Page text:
Matching Items (4)

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The Effects of Acute Aerobic and Resistance Exercise on mTOR Signaling and Autophagy in Human Skeletal Muscle

Description

Exercise serves as a powerful stimulus to induce skeletal muscle adaptation. For instance, it is well understood that aerobic exercise (AE) elicits an adaptive response ultimately leading to increased fatigue

Exercise serves as a powerful stimulus to induce skeletal muscle adaptation. For instance, it is well understood that aerobic exercise (AE) elicits an adaptive response ultimately leading to increased fatigue resistance and capillarization, whereas resistance exercise (RE) is known to elicit an adaptive response leading to increased muscle strength and size. However, the precise molecular mechanisms mediating these unique adaptations to different forms of exercise remain to be completely resolved. The purpose of this study was to investigate the adaptive cellular response of skeletal muscle following acute AE and RE. Specifically, this study focused on two molecular processes: 1) mammalian/mechanistic target of rapamycin (mTOR) signaling pathway, a regulator of muscle protein synthesis, and 2) autophagy, a process through which proteins and organelles are broken down in the muscle fiber. In a counterbalanced, crossover design, six healthy, recreationally active young men (27±3 yr) completed acute AE (40 min of cycling ~70% maximal HR) and acute RE [8 sets, 10 reps, ~65% 1-repetition maximum (1RM)] separated by ~1wk. Muscle biopsies (vastus lateralis) were obtained before, at 1 and 4h post exercise and western blot analyses were used to examine the phosphorylation of mTOR signaling proteins and various markers of autophagy. Phosphorylation of mTORSer2448 increased only following RE at 4h (P < 0.05). However, phosphorylation of p70S6K1Thr389, a downstream marker of mTOR, increased following both AE and RE at 4h (P < 0.05). However, p70S6K1Thr389 was phosphorylated to a greater extent at 1h following RE compared to AE (P < 0.05). LC3BII was decreased at 1h and 4h postexercise in response to both AE and RE (P < 0.05). These data indicate that both acute AE and RE stimulate, to some degree, mTOR signaling in skeletal muscle, a pathway associated with increased muscle protein synthesis. Further, based on markers examined in the current study, both acute AE and RE similarly stimulate autophagy, which is associated with muscle protein breakdown. These data indicate that, at least in the immediate hours post exercise, the unique adaptations to AE and RE exercise may be mediated through cellular pathways other than mTOR and autophagy.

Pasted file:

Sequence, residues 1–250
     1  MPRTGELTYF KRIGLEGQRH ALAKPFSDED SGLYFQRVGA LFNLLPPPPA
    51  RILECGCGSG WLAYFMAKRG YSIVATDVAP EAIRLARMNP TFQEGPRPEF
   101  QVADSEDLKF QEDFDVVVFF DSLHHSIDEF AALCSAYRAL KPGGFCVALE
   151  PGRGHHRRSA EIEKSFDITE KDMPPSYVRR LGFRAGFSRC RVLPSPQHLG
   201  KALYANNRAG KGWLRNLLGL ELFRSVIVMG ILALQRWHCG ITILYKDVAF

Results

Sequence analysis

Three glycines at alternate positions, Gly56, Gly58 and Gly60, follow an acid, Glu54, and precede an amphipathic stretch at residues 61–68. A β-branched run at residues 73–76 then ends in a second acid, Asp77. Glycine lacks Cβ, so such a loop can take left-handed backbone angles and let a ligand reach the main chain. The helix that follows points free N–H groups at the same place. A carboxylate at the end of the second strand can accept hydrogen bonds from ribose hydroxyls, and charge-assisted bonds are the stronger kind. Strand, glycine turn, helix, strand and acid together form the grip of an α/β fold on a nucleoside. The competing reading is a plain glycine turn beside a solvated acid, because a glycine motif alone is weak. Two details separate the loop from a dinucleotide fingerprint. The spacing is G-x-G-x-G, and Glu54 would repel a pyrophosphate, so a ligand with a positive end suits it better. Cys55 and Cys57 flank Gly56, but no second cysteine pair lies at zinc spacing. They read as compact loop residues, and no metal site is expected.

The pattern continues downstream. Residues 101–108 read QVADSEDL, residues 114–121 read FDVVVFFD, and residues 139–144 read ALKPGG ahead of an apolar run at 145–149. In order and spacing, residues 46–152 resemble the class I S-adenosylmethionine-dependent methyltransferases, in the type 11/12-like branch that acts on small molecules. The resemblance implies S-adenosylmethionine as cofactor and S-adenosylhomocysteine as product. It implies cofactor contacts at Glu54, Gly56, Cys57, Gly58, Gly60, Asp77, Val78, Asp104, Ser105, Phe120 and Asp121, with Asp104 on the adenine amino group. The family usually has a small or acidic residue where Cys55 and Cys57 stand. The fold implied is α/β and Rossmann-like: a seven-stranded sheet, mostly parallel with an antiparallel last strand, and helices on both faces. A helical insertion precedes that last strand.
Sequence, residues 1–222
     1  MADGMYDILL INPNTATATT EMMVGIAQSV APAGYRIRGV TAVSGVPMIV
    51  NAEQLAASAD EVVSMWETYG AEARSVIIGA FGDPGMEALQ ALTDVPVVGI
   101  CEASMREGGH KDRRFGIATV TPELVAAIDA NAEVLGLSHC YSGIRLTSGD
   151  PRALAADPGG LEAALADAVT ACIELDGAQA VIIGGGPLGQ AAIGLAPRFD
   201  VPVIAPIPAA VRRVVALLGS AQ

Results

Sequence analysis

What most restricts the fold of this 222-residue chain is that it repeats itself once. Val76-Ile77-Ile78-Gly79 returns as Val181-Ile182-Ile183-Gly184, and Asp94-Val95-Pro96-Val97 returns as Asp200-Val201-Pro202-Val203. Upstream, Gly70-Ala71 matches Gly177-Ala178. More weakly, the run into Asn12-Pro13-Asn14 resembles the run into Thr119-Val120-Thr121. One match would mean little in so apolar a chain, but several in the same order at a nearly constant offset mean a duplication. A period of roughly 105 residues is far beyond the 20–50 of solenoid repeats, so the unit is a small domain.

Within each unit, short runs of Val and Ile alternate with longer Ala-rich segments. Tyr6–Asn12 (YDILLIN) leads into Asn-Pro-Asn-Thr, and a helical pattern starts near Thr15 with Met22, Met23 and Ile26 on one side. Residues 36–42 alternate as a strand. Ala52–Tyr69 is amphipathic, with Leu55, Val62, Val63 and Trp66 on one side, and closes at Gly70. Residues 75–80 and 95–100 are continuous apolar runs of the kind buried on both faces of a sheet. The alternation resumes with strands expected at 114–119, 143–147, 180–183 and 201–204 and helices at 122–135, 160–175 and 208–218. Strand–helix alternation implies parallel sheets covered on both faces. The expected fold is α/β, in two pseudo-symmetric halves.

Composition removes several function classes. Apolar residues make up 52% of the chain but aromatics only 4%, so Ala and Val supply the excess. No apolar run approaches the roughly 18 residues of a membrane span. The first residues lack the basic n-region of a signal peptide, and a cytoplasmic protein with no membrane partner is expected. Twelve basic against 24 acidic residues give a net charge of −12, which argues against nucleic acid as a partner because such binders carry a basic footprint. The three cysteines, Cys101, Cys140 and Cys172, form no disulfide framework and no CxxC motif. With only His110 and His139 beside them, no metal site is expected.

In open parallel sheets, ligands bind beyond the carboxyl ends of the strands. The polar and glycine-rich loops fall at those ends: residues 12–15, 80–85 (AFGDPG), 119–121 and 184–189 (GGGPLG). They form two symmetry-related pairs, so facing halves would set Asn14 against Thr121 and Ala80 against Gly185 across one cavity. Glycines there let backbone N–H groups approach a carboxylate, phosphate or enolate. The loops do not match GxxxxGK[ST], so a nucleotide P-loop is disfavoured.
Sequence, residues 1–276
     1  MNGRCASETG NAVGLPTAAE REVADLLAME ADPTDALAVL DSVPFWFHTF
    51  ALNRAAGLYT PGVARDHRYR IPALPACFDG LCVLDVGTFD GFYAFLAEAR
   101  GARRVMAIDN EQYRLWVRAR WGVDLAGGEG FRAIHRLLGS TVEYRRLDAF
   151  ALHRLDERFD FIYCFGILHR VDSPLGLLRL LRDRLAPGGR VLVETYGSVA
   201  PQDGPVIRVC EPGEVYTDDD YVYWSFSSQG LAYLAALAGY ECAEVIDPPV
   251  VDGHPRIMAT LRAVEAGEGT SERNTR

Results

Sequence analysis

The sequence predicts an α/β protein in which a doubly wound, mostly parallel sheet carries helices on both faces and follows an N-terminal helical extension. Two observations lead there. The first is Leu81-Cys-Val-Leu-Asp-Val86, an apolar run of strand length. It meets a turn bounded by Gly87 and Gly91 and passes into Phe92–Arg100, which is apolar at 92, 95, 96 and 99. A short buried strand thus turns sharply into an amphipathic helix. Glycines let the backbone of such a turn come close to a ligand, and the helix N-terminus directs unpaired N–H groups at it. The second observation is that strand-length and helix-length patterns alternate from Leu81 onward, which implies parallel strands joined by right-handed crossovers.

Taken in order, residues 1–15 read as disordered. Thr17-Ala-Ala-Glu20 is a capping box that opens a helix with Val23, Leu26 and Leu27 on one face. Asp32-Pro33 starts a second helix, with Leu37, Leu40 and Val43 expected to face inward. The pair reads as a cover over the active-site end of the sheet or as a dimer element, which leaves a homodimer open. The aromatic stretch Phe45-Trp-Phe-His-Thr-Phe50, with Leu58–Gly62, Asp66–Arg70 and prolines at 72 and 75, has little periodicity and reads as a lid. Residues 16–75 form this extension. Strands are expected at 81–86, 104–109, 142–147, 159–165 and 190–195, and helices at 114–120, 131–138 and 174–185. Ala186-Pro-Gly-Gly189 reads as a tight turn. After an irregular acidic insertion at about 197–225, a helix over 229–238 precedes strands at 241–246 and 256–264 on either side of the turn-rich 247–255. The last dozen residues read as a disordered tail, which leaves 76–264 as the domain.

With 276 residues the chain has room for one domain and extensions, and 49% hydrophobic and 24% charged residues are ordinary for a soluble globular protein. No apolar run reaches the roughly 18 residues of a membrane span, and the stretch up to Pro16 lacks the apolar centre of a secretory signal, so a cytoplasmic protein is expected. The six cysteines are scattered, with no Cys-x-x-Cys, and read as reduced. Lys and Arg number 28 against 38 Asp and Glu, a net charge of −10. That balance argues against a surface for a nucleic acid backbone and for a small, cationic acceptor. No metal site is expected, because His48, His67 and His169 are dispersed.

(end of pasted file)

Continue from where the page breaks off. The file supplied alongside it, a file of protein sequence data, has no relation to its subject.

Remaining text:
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Created

Date Created
  • 2019

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The Use of a Verification Phase in Determination of VO2max in Older Adults

Description

Maximal oxygen uptake (VO2max) declines with age and is a predictor of morbidity and mortality risks. Due to these implications, accurate assessment and determination of VO2max are important for the